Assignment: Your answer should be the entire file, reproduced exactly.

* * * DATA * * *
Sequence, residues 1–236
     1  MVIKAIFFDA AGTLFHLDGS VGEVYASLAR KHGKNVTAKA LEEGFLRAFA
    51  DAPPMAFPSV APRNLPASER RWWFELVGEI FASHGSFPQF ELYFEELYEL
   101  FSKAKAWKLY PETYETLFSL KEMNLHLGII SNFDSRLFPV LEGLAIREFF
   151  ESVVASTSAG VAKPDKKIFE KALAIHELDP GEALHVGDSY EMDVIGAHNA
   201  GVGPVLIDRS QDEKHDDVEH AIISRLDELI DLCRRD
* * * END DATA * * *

Sequence, residues 1–236
     1  MVIKAIFFDA AGTLFHLDGS VGEVYASLAR KHGKNVTAKA LEEGFLRAFA
    51  DAPPMAFPSV APRNLPASER RWWFELVGEI FASHGSFPQF ELYFEELYEL
   101  FSKAKAWKLY PETYETLFSL KEMNLHLGII SNFDSRLFPV LEGLAIREFF
   151  ESVVASTSAG VAKPDKKIFE KALAIHELDP GEALHVGDSY EMDVIGAHNA
   201  GVGPVLIDRS QDEKHDDVEH AIISRLDELI DLCRRD